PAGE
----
Tyndall Summit provides key leaders with "Eagle Vision" for upcoming disaster response

Lt Col David Wiley, 1st AF executive officer, examine images generate through the EAGLE VISION system at Tyndall AFB, Fla.

Lt Col David Wiley, 1st Air Force executive officer, examine images generate through the EAGLE VISION system at Tyndall AFB, Fla.

EAGLE VISION technicians brief 1st Air Force leaders on the satellite-base imagery system at Tyndall AFB, Fla.

EAGLE VISION technicians brief 1st Air Force leaders on the satellite-base imagery system at Tyndall AFB, Fla.

EAGLE VISION satellite structure deployed to Tyndall AFB, Fla., during a 1st AF demonstration.

EAGLE VISION satellite structure deployed to Tyndall AFB, Fla., during a 1st Air Force demonstration.

EAGLE VISION images on display at Tyndall AFB, Fla.

EAGLE VISION images on display at Tyndall AFB, Fla.

Technical Sgt. Simon Burgess, EAGLE VISION technician, operates the collection systems used to provide large-scale, high-resolution, satellite images in a demonstartion at 1st Air Force.

Tech. Sgt. Simon Burgess, EAGLE VISION technician, operates the collection systems used to provide large-scale, high-resolution, satellite images in a demonstartion at 1st Air Force.

TYNDALL AIR FORCE BASE, Fla. -- Key leaders united for a three-day summit here Tuesday to showcase satellite imagery that brings life-saving images to civilian and military first responders.

Commander of First Air Force, Air Force Northern Command, Maj. Gen. Hank Morrow and Continental U.S. Northern Region Deputy Commander Brig. Gen. Andre Viens brought active duty, Air National Guard, Air Force Reserve, government and civilian leaders from Washington D.C. and around the country together to see the 'Eagle Vision IV' system here and explore more effective networking and support capabilities for leaders in their common mission of disaster response.

"The 'Eagle Vision' Summit was an incredible learning experience and a great opportunity to coordinate with a wide variety of agencies to assure this imagery is put in the hands of first responders quickly, when and where they need it," said General Viens. 

The beauty of Eagle Vision is that it's an unclassified system that provides imagery to those ffirst responders who need it quickly, said Jerry Brooks, director of the Eagle Vision program. Disaster response personnel have other platforms to gather information on catastrophe areas, such as Midwest flooding, major hurricane impact sites or western wildfires, according to Brooks. 

"But satellite imagery provides a view of broad areas of an event,  which is important when you are talking about thousands of acres of damage," said Brooks.  

Although the South Carolina crew was deployed to Tyndall Air Force Base to educate leaders on the program, the team went into operational mode to provide 'Eagle Vision' images of Hurricane Dolly, which recently hit the Texas east coast.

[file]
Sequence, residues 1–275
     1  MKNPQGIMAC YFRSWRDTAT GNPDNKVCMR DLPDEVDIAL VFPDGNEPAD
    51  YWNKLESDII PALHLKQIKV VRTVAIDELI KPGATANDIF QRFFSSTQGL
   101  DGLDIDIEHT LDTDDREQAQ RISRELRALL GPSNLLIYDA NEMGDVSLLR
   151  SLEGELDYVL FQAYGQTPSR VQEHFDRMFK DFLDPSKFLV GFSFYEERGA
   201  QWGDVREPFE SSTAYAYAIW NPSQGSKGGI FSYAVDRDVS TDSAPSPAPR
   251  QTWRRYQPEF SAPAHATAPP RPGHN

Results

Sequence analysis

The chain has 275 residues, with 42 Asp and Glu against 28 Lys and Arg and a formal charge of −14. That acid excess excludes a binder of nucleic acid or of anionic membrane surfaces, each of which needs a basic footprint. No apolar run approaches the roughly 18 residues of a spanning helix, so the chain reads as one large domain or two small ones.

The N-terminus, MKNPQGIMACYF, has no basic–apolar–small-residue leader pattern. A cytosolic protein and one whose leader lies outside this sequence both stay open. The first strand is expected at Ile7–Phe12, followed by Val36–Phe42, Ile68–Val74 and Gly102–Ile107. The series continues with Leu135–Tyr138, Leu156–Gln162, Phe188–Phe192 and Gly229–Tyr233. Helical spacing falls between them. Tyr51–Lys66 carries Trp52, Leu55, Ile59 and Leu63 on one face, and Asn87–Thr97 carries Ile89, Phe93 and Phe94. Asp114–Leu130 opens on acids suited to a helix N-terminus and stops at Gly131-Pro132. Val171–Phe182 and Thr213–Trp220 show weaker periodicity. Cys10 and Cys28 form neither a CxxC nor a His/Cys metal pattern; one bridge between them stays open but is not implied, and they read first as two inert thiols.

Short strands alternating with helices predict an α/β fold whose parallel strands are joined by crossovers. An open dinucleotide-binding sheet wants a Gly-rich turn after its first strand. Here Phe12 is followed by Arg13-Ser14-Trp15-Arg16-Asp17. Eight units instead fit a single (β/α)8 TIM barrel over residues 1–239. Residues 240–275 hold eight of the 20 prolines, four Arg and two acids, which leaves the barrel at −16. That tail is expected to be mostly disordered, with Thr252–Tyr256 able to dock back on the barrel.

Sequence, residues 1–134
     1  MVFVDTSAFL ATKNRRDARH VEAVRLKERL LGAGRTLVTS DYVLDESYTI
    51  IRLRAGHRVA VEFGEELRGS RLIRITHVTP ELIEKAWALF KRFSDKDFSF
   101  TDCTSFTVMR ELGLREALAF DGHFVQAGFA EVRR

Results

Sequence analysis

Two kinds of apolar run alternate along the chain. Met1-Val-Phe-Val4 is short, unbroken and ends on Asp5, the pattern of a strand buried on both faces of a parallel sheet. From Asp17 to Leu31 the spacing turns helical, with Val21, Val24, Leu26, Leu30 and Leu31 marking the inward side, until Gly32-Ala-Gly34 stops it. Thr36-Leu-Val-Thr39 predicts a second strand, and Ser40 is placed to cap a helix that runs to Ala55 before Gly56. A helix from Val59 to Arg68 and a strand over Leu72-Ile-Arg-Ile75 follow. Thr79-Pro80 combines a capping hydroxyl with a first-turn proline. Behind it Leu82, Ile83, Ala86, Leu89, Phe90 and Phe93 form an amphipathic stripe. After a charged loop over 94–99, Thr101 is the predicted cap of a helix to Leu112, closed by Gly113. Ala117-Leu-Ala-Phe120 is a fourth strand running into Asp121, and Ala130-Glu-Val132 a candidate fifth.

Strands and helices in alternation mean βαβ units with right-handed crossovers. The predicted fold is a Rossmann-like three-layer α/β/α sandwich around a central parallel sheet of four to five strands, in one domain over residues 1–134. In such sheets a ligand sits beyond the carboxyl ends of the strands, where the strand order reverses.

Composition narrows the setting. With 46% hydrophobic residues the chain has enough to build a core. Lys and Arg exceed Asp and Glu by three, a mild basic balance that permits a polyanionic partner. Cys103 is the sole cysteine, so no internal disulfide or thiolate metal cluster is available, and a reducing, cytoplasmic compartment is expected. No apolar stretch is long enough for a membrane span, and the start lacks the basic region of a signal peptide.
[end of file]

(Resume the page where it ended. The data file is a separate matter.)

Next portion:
A picture like this can say a thousand words. This broad area imagery was provided daily to California wildfire planners and disaster recovery personnel. The responders could accurately track how the fire moved course enabling firefighters to focus their efforts and assets to the hot spots. This cut response times and ultimately allowed first responders get to the fires quicker saving lives and property.

"We received the 'Eagle Vision' system in the fall of 2007. Eagle Vision III was fully operational in June 2008 when the California fires began," said the commander of the California Air National Guard Maj. Gen. Dennis G. Lucas. 

"We were able to use the imagery to predict fires for the next day. It provided a new capability critical to directing or repositioning fire crew aerial attacks," said General Lucas.
  
Eagle Vision systems are located at four sites in the U.S., with up to seven satellites accessible to meet the 24/7 demand. These systems are operated and maintained by Air National Guard personnel from California, South Carolina, Hawaii and Alabama. There is also an active duty unit in Germany. 

'Eagle Vision' was conceptualized in 1990 as a wartime asset. The program began with only one site and has expanded to the five computerized, deployable systems due to demand to assure imagery is readily available when and where needed. After hurricanes Katrina, Rita and Wilma, its value was realized here in the U. S. for disaster response and mitigation. Recently, 'Eagle Vision' missions have expanded into other areas such as theater cooperation initiatives in the Pacific area.

The system has been especially busy this year. Besides supporting disaster response personnel for the recent U. S. tornadoes, Midwest flooding and California fires, the imagery was used globally for responders to Cyclone Nargis in Burma, recent major earthquakes in China, space and maritime test and evaluation and during numerous disaster planning exercises.

As the U.S. Air Force organization here that provides defense support to civil authorities, air defense for the U.S., shuttle support, and search and rescue support to all states, Air Forces Northern maintains real-time visibility and networking capability with federal, government and civilian agencies. 

"The American people deserve to benefit from the best technology the government and Air Force can offer during disasters or times of need," said General Morrow. "First Air Force will continue to look for opportunities like Eagle Vision to provide the decision tools required to assist the leadership of local, state and federal governments in order to ensure success for the American public."